A weakened Bentley presides over chaos

A weakened Bentley presides over chaos

By Hastings Wyman –

“Alabama has been in chaos for a good while,” says a longtime observer (D) of the state’s politics. Last week former House Speaker Mike Hubbard (R) was sentenced to four years in prison after his conviction on 12 felony counts involving using his powerful office for personal gain. And State Supreme Court Chief Justice Roy Moore (R) has been sidelined, under suspension for ordering the state’s probate judges not to issue marriage licenses to same-sex couples, in violation of federal law.

Gov. Robert Bentley (R), however, is not in a position to pick up the pieces.

Last year, his wife, First Lady Dianne Bentley, acted on her suspicions that the governor had behaved inappropriately with one of his top aides, political advisor Rebekah Mason. The governor was 72, Mason 43. The First Lady managed to record what the governor assumed was a private telephone conversation with Mason. After unsatisfactory confrontations with her husband, Mrs. Bentley moved out of the governor’s mansion and filed for divorce. The story shocked the state.

In addition, Spencer Collier, who headed the Alabama Law Enforcement Agency (ALEA), confronted the governor about his behavior. Bentley later fired Collier, citing problems with ALEA. Collier contends it was in retaliation for bringing up the governor’s relation with Mason.

Prior to his election as governor, Bentley was a successful dermatologist in Tuscaloosa. He and his wife were active in the Baptist Church and civic affairs. They were, said a profile in GQ, “a model Christian couple for Alabamians of all political stripes.”

Bentley and Mason have consistently denied that they had an affair, but transcripts of his phone calls to Mason suggest otherwise, with Bentley talking about putting his hands on Mason’s breasts. Bentley apologized for “inappropriate remarks.” Mason still lives with her husband and her children.

State Rep. Ed Henry (R) has garnered 23 signatures of state House members on an impeachment petition, two more than necessary to initiate an investigation. The House Judiciary Committee is currently investigating whether there is evidence that Bentley committed any impeachable offenses. If he is impeached, then the state Senate would serve as jury to decide whether to convict the governor.

Meanwhile, in a statement he issued in April, Bentley said, “There are no grounds for impeachment, and I will vigorously defend myself and my administration from this political attack.” He has also declined to resign.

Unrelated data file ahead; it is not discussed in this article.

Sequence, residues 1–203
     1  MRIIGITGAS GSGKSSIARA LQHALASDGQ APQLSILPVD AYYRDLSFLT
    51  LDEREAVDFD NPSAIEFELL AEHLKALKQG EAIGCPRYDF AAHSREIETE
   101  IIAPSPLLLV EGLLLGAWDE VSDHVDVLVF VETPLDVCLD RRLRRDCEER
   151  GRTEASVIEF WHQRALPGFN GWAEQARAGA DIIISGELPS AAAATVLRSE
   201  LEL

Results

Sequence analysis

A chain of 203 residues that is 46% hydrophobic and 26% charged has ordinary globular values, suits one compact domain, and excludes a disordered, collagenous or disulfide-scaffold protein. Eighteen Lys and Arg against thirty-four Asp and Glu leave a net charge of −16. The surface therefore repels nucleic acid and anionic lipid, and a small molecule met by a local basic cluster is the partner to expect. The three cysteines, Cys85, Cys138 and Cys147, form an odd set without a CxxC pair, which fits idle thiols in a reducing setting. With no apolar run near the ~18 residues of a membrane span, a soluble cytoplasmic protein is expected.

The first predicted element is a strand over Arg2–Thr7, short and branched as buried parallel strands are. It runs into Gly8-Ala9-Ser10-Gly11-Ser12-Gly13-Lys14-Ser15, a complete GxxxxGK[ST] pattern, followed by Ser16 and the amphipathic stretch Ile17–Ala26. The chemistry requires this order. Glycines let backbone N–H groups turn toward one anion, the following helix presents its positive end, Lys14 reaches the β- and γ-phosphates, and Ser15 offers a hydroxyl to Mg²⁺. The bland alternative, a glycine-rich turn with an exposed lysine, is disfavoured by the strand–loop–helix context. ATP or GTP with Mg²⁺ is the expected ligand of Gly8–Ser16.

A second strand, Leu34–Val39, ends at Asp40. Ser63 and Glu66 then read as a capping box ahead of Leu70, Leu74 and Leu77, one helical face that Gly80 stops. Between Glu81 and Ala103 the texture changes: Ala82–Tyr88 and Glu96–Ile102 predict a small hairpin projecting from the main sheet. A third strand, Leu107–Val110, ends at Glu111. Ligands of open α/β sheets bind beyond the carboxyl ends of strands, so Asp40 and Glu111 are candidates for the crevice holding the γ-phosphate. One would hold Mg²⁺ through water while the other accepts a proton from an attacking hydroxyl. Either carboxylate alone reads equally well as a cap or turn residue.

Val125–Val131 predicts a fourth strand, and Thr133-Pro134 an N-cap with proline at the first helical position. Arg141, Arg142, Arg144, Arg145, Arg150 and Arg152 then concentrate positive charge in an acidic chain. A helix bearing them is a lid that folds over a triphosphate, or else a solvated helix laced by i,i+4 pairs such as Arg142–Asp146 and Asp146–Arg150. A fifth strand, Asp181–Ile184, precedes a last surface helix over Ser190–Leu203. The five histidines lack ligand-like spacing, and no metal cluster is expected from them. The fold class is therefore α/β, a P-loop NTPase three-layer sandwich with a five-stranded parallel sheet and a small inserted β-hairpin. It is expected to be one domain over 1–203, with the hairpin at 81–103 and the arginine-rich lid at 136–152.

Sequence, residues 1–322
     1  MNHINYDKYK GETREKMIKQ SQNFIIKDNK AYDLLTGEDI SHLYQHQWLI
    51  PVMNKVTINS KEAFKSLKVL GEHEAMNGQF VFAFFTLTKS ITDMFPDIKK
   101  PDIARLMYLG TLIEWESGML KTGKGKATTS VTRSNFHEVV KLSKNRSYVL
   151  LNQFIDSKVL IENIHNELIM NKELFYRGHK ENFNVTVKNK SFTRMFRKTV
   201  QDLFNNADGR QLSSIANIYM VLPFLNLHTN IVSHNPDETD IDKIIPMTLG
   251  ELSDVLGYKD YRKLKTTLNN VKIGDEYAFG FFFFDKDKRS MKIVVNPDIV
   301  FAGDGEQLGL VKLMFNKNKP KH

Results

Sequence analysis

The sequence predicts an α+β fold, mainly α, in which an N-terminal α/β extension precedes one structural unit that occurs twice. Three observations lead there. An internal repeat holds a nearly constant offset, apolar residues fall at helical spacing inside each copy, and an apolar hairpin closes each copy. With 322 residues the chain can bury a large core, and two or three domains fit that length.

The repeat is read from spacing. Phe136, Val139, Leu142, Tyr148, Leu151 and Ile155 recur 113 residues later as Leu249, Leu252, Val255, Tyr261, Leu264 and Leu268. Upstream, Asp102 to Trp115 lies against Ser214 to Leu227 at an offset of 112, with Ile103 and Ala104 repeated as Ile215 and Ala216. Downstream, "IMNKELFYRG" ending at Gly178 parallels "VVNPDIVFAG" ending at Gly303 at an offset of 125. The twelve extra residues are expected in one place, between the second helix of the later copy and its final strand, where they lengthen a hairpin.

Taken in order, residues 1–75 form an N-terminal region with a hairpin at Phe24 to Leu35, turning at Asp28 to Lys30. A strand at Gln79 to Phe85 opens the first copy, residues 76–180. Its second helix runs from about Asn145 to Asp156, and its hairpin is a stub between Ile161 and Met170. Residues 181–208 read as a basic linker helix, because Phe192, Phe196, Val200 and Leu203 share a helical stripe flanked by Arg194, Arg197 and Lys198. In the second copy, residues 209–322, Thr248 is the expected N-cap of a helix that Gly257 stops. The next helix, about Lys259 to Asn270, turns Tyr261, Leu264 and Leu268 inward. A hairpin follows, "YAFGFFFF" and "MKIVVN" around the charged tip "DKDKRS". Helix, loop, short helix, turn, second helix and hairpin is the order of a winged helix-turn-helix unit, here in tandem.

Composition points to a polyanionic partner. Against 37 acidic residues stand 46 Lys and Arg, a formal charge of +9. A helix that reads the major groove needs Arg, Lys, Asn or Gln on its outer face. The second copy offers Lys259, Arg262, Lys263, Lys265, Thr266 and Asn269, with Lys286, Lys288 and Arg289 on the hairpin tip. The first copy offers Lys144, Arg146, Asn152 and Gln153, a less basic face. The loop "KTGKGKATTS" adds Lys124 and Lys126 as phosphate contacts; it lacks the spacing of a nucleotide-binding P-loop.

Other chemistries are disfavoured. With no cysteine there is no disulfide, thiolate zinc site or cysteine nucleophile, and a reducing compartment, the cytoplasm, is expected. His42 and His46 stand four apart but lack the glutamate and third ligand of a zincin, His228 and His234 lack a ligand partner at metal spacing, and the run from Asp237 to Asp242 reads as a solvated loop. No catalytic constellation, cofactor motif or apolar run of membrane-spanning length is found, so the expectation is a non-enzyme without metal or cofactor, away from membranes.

“There’s a lot of blustering about it,” says Marty Connors, a former chairman of the Alabama Republican Party, “but not from a majority in the legislature.” But, adds

Connors, “With the exceptions of appointments and his veto power, the governor has been neutered,” says Connors. “I don’t see him pushing a legislative agenda.”

While it isn’t likely that Bentley will be impeached, “He will not be able to excise any leadership,” says the Democratic observer. While he proposed some educational reforms in his second term, the personal scandal “has completely neutralized him.”

The reasons why Bentley isn’t likely to be impeached are varied. A number of potential gubernatorial candidates would prefer that Bentley serve out his term, leaving an open seat for the next governor’s race in 2018. If he left office, Lt. Gov. Kay Ivey (R) would become governor. Ivey, 71, is not an especially powerful political force, but as governor, she might gain the clout needed to be a strong contender in the governor’s race. Prior to winning the office of lieutenant governor, Kay was State Treasurer.

Another reason is that the most of the Republicans in the legislature are not keen on the idea of impeaching a fellow Republican, especially on essentially personal charges.

The scandal has taken its toll. At one point early in his tenure in office, Bentley’s approval rating was as high as 80%. Since the scandal, however, his numbers have plummeted. In an unscientific poll taken by AL.com taken in late March, of the 20,155 responders, 89% thought Bentley should resign; only 8% thought he should not. A survey of the popularity of all 50 state governors, taken by Morning Consultant, showed Bentley was the 11th most unpopular governor, with a rating of 46% approve to 45% disapprove. A late June poll by Birmingham Southern University showed his favorable rating was 17%.

Nevertheless, Bentley has continued to perform the ceremonial functions of his office, presenting awards to local heroes, visiting an automobile factory assembly line, recognizing schools for excellence, making appointments and declaring a state of emergency in the face of power outages. He recently told a reporter that based on the responses he was getting around the state, he did not believe he was that unpopular.

In any case, a severely damaged political establishment in Alabama is now headed by a seriously weakened governor. “It’s a shame,” says Marty Connors. “He’s a good guy.”